LESSON XXI. HUMMING BIRDS.
1. The most beautiful humming birds are found in the West Indies and South America. The crest of the tiny head of one of these shines like a sparkling crown of colored light.
2. The shades of color that adorn its breast, are equally brilliant. As the bird flits from one object to another, it looks more like a bright flash of sunlight than it does like a living being.
3. But, you ask, why are they called humming birds? It is because they make a soft, humming noise by the rapid motion of their wings—a motion so rapid, that as they fly you can only see that they have wings.
4. One day when walking in the woods, I found the nest of one of the smallest humming birds. It was about half the size of a very small hen’s egg, and was attached to a twig no thicker than a steel knitting needle.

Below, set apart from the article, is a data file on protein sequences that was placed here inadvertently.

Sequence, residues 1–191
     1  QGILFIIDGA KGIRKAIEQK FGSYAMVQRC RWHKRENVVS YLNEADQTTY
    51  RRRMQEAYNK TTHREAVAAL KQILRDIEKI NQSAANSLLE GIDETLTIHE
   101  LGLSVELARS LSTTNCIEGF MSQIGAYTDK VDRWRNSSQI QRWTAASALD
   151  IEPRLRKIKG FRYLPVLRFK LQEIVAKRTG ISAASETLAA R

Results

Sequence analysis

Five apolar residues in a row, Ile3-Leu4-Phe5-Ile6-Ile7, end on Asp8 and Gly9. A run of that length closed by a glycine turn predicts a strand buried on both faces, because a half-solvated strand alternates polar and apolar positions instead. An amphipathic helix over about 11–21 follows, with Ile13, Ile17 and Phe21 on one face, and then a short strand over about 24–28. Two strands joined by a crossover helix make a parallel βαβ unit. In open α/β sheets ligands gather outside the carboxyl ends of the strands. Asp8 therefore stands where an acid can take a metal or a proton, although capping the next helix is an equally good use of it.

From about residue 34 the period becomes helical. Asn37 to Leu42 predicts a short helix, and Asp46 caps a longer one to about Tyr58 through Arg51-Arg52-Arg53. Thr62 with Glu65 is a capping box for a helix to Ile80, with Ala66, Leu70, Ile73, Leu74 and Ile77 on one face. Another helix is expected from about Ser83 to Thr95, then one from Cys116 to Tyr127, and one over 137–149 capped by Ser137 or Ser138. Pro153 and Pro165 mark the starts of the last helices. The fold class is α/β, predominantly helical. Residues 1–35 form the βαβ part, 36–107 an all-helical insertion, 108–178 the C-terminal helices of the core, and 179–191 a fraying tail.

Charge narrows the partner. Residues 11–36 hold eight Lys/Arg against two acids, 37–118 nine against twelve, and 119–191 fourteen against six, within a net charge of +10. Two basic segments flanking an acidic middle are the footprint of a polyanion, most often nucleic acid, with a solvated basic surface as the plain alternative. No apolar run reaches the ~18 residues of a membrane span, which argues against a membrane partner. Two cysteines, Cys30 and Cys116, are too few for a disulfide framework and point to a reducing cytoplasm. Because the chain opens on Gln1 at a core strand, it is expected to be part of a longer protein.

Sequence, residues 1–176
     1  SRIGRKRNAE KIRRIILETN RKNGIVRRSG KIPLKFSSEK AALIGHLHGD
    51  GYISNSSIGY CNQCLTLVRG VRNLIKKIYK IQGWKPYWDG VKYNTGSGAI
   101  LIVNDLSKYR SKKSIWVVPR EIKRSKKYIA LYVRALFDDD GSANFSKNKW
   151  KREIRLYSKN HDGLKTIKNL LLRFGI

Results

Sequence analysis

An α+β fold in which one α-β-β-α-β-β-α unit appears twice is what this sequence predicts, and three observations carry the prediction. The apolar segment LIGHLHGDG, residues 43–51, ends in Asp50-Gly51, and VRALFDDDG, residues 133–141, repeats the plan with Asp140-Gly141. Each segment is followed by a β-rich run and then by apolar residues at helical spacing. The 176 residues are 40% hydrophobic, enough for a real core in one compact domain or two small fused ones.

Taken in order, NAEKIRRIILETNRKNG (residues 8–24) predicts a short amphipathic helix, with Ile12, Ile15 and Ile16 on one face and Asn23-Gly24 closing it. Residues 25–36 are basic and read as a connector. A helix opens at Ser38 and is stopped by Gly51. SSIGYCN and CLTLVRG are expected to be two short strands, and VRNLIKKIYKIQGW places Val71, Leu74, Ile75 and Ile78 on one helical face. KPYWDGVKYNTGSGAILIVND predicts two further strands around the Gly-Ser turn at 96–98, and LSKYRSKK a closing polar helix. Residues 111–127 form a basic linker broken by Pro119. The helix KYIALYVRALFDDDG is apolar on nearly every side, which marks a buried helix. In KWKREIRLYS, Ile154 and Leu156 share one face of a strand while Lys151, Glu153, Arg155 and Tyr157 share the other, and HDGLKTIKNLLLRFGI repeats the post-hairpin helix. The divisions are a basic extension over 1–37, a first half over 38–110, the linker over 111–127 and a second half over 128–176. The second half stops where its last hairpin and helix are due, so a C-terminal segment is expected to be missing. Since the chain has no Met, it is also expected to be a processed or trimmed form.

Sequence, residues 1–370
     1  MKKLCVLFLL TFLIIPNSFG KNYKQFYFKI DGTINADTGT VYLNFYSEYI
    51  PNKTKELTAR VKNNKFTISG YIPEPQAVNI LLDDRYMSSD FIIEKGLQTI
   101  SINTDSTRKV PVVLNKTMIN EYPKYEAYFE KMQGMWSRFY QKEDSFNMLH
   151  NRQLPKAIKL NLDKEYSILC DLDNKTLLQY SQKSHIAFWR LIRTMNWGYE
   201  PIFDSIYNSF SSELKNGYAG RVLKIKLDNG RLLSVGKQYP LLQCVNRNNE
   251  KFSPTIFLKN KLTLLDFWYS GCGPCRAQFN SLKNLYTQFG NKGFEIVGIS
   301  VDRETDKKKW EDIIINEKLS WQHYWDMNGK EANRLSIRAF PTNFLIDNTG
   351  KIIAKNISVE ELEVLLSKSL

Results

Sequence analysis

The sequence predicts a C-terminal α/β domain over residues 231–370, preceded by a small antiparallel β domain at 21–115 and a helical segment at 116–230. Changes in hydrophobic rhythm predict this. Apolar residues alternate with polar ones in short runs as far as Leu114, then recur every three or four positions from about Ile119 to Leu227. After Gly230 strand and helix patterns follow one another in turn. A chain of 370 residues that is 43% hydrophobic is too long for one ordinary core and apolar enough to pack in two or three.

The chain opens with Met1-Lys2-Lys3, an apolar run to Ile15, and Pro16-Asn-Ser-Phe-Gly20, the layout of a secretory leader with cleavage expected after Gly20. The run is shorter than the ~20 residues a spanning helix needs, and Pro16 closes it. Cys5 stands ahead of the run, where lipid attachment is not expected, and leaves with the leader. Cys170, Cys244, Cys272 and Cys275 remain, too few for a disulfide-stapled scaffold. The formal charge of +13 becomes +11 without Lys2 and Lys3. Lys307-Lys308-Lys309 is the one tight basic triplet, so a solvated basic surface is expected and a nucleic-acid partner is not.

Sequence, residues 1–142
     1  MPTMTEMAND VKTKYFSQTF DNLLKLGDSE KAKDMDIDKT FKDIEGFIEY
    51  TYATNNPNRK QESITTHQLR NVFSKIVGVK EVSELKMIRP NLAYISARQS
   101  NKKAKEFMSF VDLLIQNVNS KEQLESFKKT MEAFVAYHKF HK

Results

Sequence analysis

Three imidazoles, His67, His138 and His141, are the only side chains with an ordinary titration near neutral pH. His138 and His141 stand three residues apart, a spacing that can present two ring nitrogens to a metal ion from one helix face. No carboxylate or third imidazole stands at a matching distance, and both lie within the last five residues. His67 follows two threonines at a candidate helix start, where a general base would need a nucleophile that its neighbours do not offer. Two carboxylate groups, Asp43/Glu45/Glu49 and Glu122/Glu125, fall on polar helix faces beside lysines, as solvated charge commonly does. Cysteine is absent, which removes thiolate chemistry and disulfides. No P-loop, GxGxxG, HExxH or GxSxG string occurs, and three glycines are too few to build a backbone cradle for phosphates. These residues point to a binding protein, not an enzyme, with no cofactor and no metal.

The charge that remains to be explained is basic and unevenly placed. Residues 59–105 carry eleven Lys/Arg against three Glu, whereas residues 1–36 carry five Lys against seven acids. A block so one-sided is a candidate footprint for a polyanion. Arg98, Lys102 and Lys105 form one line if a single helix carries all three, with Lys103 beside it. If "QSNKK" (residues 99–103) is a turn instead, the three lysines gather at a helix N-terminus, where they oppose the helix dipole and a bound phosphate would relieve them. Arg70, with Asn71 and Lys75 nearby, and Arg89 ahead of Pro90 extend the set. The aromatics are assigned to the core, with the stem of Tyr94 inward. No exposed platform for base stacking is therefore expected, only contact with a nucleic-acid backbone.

5. It seemed to have been made of cotton fibers, and was covered with the softest bits of leaf and bark. It had two eggs in it, quite white, and each about as large as a small sugarplum.
6. When you approach the spot where one of these birds has built its nest, it is necessary to be careful. The mother bird will dart at you and try to peck your eyes. Its sharp beak may hurt your eyes most severely, and even destroy the sight.
7. The poor little thing knows no other way of defending its young, and instinct teaches it that you might carry off its nest if you could find it.
“If a bird’s nest happens to be before you along the way, in any tree or on the ground, with young ones or eggs, with the mother sitting on the young or on the eggs, you shall not take the mother with the young;” (Deuteronomy 22:6 NKJV)
Title: McGuffey’s Third Eclectic Reader, Author: William Holmes McGuffey
Release Date: January 23, 2005 [EBook #14766]